Short-term disability insurance, as the name suggests, is a form of private insurance that is intended to cover temporary disabilities. This coverage is designed to protect you for a limited period after an injury or illness that prevents you from working. The length of benefits varies – anywhere from 3 months to 5 years. The average time for short-term disability insurance coverage is in the middle – approximately 1 to 2 years – depending on the insurer and policy. 

Long-term disability insurance is intended to cover conditions that are either permanent or expected to last awhile. This coverage is designed to pay benefits for an extended period. Payout periods for this type of policy are represented in years. Coverage will last as little as 2 years or reach up to 5, 10, or 20 years. Some policies provide coverage up until planned retirement age. Of course, the length of the disability benefit period depends on the insurance policy. 

Occupation or Own Occupation

Short-term disability insurance is always classified under ‘own occupation’ disability insurance. Short-term disability plans are written to include financial compensation if your disability prohibits you from performing the basic functions of your work. To put it plainly, if you are unable to fulfill your daily job duties as opposed to just any task. When it comes to filing for long-term disability insurance after the short-term benefits have run out, the distinctions between “own occupation” and “any occupation” is important.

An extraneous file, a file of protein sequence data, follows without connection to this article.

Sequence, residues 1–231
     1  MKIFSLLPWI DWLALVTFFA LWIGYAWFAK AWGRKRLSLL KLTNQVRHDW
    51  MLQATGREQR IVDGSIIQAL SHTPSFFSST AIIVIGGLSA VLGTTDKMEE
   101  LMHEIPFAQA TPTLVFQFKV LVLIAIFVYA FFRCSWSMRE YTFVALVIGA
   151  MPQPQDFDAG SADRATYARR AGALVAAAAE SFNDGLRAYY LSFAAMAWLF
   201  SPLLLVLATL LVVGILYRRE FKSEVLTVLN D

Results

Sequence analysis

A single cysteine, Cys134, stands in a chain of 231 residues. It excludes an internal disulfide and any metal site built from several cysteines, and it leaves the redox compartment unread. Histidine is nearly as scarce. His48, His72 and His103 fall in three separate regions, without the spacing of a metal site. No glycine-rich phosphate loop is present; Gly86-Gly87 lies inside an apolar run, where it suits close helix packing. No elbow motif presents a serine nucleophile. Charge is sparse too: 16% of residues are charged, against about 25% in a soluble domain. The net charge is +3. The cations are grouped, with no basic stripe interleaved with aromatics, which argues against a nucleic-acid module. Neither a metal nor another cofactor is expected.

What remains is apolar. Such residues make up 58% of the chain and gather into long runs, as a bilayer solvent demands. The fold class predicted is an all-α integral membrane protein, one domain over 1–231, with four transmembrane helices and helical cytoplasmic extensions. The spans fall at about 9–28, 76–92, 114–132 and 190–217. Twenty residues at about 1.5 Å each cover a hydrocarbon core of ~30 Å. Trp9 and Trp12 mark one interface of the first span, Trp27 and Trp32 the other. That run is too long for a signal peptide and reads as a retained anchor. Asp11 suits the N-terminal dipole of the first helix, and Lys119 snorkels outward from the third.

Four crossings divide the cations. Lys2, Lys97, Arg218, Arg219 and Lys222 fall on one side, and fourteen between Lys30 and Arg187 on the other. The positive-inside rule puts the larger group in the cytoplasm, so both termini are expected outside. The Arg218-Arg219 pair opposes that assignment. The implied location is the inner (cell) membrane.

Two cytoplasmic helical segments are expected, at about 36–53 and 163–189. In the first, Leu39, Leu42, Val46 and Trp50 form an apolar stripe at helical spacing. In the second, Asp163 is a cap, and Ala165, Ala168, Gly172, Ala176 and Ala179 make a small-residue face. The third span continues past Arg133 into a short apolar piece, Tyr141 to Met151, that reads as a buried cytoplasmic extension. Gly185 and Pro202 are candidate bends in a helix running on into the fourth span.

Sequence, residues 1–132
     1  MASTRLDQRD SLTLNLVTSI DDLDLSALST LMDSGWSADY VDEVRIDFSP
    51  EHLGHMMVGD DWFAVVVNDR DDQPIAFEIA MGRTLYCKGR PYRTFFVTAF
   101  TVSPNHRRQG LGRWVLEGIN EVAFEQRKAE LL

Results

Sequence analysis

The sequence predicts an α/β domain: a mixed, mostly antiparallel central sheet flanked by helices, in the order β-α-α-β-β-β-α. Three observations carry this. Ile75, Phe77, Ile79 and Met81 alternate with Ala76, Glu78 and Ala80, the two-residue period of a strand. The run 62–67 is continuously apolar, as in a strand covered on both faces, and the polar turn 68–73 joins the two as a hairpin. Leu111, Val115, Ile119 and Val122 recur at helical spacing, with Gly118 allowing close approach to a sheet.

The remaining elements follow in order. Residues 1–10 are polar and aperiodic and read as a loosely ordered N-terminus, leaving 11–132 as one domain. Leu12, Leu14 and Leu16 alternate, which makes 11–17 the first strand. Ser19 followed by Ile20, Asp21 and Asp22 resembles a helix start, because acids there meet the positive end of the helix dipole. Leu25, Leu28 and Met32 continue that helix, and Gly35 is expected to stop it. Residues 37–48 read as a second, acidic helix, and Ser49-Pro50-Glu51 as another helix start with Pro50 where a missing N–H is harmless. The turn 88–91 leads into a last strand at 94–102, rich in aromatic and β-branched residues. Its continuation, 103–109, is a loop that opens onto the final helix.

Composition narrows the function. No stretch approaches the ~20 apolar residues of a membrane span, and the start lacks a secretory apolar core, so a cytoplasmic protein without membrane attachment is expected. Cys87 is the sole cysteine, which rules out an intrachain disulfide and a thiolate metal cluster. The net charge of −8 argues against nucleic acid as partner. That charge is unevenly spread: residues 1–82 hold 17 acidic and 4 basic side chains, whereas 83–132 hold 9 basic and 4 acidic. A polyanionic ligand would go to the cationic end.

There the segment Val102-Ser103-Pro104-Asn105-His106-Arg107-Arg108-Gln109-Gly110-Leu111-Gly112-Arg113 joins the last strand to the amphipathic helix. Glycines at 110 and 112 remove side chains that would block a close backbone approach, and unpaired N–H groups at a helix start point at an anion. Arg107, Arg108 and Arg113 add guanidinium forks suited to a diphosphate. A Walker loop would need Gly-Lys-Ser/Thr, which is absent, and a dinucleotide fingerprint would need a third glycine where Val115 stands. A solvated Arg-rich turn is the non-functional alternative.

The secret to assessing your eligibility for compensation is the concept of complete disability. This is at the heart of every disability policy. While the term defines what constitutes complete disability, each carrier’s definition may be different. Own-occupation disability is described different by each carrier as well. Double-check your understanding of all aspects regarding disability insurance policies.